Friday, December 7, 2007

10,000 Steps Program Helps Type 2 Diabetes

Monitoring 10,000 Steps Program with a Pedometer Helps Type 2 Diabetes

By Bodytrends Health and Fitness

Doctors have been telling patients with type 2 diabetes that increasing physical activity can help them lose weight, lower their blood pressure and reduce complications associated with diabetes.

Two recent research teams reported some modest improvements in fitness for individuals who utilized a Steps program in which a pedometer is used to track their activity during the day. A pedometer attaches to the waistband of the pants and keeps count of each step taken. High-end models can report distance in miles, speed, heart rate and caloric burn.

In one study, 125 obese men and women with type 2 diabetes walked an average of 4,364 steps daily at the beginning of the study, following an outlined program. The participants attended weekly meetings for the first month and discussed goals for improving fitness, went on group walks and shared ideas on how to overcome obstacles.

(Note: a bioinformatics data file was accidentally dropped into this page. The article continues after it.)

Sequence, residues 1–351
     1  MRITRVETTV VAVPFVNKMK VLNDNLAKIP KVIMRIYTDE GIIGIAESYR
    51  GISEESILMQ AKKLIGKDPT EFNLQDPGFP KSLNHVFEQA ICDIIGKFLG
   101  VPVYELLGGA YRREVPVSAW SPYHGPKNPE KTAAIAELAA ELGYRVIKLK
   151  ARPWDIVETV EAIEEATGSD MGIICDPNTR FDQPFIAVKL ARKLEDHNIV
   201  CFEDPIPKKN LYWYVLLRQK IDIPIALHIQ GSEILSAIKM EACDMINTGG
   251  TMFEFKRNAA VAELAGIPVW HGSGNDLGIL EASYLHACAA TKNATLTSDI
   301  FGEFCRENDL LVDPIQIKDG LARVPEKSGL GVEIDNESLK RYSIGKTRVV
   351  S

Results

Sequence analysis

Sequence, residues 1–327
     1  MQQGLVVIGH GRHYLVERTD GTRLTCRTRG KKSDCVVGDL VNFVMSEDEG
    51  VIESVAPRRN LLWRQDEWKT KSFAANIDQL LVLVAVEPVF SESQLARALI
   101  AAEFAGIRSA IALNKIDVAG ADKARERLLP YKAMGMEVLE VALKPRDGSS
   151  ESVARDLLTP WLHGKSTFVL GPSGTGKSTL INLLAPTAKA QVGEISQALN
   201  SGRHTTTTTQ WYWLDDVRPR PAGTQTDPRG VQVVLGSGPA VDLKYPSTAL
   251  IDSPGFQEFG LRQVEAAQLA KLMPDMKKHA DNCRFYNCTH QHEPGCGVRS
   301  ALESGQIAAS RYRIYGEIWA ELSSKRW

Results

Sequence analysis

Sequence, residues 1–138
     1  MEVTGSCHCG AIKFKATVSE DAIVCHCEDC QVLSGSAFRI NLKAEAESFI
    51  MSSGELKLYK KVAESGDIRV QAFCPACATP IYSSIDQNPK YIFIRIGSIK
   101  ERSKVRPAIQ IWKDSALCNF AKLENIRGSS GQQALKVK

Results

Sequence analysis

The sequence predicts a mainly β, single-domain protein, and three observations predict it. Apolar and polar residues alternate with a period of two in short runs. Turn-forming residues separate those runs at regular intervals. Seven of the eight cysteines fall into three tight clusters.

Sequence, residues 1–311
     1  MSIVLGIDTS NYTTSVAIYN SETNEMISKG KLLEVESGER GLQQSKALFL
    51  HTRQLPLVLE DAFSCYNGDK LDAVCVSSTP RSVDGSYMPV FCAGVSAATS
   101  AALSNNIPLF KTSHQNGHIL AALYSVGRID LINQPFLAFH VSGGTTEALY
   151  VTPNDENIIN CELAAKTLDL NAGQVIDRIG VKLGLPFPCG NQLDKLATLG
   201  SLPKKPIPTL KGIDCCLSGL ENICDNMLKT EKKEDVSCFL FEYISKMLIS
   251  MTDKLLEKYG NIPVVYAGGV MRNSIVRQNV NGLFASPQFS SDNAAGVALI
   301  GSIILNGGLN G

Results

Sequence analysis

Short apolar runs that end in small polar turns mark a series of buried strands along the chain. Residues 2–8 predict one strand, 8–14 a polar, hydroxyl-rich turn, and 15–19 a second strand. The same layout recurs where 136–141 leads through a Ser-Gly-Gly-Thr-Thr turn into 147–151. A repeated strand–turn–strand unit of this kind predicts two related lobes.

After the first month the participants were on their own to walk as much as they could. At the end of four months, the group met again.

After 16 weeks the group had basically doubled their activity level, with some reaching 10,000 steps a day.

The majority of the participants increased their physical activity level, saw a small reduction in blood pressure, waist size and body mass index (BMI) according to the research reported to the American Diabetic Association.

In the second study, conducted by Vanderbilt followed 87 men and women with type 2 diabetes.

Half the group got pedometers and instructions to increase their steps per day by 1,500 each month or 10%, whichever was greater. The other half got a standard talk on exercising more and eating healthfully.

Step counts on the pedometer peaked at 9 weeks with approximately 7,500 steps.

They reported some success in the group, noting that some individuals were able to reach the 10,000 steps per day goal.

The researchers reported that they felt that the addition of a pedometer to a diabetes management program was useful in some patients. Shop for pedometers at